On the basis of above referred literature this study has identified some important educational services like teachers’ expertise, courses offered, learning environment and classroom facilities which can affect the student satisfaction with the quality of education offered by different private and public sector universities in Pakistan. The conceptual framework of student satisfaction with different educational services is presented here.
2.1.1 Research hypotheses The conceptual framework of the study and reviewed literature suggest some imperative relationship between different educational offerings and students satisfaction. On the basis of such evidence following hypotheses are developed:
H1: Teachers Expertise is positively related to students’ satisfaction H2: Courses Offered is positively related to students’ satisfaction H3: Learning Environment is positively related to students’ satisfaction H4: Classroom Facilities is positively related to students’ satisfaction
This study examines the relationship between students’ satisfaction and education offerings like teachers’ expertise, courses offered, learning environment and classroom facilities. For this purpose, responses were collected from students of different private and public sector universities in Pakistan; the sample size consisted of 350 students from different levels and disciplines. The sample was divided in to two broad categories that were male and female. A questionnaire used to collect the information from the respondents. This questionnaire developed according to local educational environment on the basis of instruments used by Aldemir and Gulcan (2004), DeShields et al. (2005) and Mai (2005) in their studies. The questionnaire was comprised of six sections. Section I consisted of demographic attributes like age, gender, education and discipline etc. Section 2 comprised of questions related to students satisfaction measured on a 5-point Likert scale anchored by “very satisfied” (1) to “very dissatisfied” (5). Sections 3-6 related to teachers expertise, courses offered, learning environment and classroom facilities and respondents were asked to indicate their perception on a 5-point Likert scale ranging from “strongly agree” (1) to “strongly disagree” (5). Reliability analysis demonstrated the Cronbach’s Alpha coefficients for this questionnaire ranging from .82 to .64 for different sections, which considered to be relatively high and internally consistent (Hair et al., 1998).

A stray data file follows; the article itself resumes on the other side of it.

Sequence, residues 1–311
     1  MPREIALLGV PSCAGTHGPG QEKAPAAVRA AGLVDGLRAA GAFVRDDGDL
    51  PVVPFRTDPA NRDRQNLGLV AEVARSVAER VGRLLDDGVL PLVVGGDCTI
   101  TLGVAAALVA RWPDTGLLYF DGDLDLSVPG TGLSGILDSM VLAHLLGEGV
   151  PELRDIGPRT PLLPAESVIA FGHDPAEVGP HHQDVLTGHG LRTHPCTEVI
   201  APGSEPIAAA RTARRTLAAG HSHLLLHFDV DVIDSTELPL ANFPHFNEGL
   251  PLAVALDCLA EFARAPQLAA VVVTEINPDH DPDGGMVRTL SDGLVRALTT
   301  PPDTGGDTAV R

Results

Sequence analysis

The questionnaires were conveniently distributed among 450 students of different universities in Pakistan, out of which 370 were received and 350 questionnaires completed in all aspects were included in study for analysis. Before the questionnaire was filled by the respondents the purpose of the questionnaire was explained to each of the respondent. Proper instructions were written on the questionnaire and further instructions were given to the respondents in order to fill the questionnaire properly. To do analysis, regression and Independent Sample T-Test were performed and for this purpose SPSS was used.
Babar Zaheer Butt and Kashif ur Rehman / Procedia Social and Behavioral Sciences 2 (2010) 5446–5450 5449
4. Results and Discussion
The objective of this study is to find out the relationship between students’ satisfaction and various education facilities. Moreover, the level of satisfaction between male and female students is also investigated. For this purpose various tests are performed and results are summarized below:
Table 1: Level of Satisfaction between Male and Female Students (Independent Sample T-Test)
Group Mean Std Dev P-Value
Male 1.7397 .21522 .000 Level of Satisfaction
Female 2.1659 .26110
After ensuring the assumption of equality of variances (p>.05), T-Test is applied to measure the difference of